Study: Paracetamol No Better Than Placebo for Low Back Pain
Authors question treatment’s universal endorsement
According to a new study published in The Lancet, paracetamol — the recommended first-line analgesic for acute low back pain — does not speed recovery or reduce pain from this condition.
Researchers in Australia conducted a randomized, placebo-controlled, double-dummy, multicenter trial to determine the efficacy of paracetamol taken regularly or as-needed to improve the time to recovery from pain compared with placebo in patients with low back pain. A total of 1,652 subjects were randomly assigned to receive up to 4 weeks of regular doses of paracetamol (three times per day; equivalent to 3,990 mg of paracetamol per day); as-needed doses of paracetamol (taken when needed for pain relief; maximum of 4,000 mg of paracetamol per day); or placebo. All of the subjects received best-evidence advice and were followed for 3 months.
The study’s primary outcome was the time until recovery from low back pain, with recovery defined as a pain score of 0 or 1 (on a 0-to-10 pain scale) sustained for 7 consecutive days.
A total of 550 subjects were assigned to the regular-dose group (550 analyzed); 549 were assigned to the as-needed group (546 analyzed); and 553 were assigned to the placebo group (547 analyzed).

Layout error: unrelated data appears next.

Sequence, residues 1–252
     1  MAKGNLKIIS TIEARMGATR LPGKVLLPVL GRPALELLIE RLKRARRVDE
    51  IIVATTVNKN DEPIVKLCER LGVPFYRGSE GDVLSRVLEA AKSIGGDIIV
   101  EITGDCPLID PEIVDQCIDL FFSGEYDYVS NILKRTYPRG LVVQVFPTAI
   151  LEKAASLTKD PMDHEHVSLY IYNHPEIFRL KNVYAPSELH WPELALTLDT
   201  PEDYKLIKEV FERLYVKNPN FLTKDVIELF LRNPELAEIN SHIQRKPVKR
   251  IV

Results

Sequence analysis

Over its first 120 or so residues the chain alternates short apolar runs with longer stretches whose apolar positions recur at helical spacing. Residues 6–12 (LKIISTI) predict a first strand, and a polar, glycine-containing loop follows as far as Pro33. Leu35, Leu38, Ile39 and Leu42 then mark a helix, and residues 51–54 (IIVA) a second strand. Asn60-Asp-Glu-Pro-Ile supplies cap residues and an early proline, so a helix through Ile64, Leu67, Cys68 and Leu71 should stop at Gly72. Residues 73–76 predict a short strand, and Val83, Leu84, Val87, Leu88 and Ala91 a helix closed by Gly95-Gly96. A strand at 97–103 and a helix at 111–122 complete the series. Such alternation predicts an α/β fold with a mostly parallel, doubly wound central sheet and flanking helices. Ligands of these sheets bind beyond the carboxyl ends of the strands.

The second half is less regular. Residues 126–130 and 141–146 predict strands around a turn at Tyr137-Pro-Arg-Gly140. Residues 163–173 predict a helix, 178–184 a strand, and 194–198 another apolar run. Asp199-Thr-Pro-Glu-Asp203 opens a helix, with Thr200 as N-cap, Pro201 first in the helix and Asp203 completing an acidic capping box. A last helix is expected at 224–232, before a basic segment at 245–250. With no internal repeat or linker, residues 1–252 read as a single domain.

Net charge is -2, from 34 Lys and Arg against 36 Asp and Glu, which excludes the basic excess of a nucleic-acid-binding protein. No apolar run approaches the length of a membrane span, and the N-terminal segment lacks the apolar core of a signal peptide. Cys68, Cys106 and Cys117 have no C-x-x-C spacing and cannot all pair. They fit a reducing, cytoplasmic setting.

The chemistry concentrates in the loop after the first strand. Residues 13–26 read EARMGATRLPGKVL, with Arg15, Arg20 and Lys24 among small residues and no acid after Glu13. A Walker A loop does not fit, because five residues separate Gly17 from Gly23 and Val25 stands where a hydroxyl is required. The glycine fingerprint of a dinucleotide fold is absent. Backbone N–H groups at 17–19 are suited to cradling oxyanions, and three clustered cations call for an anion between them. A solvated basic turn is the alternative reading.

The median time to recovery was 17 days in the regular-dose group; 17 days in the as-needed group; and 16 days in the placebo group (regular vs. placebo hazard ratio [HR] = 0.99; as-needed vs. placebo HR = 1.05; and regular vs. as-needed HR = 1.05).
The investigators recorded no difference between treatment groups for the time to recovery (adjusted P = 0.79). Adherence to regular tablets in the as-needed group and the number of participants reporting adverse events were also similar between groups.
In view of their findings, the authors questioned the universal endorsement of paracetamol for patients with low back pain.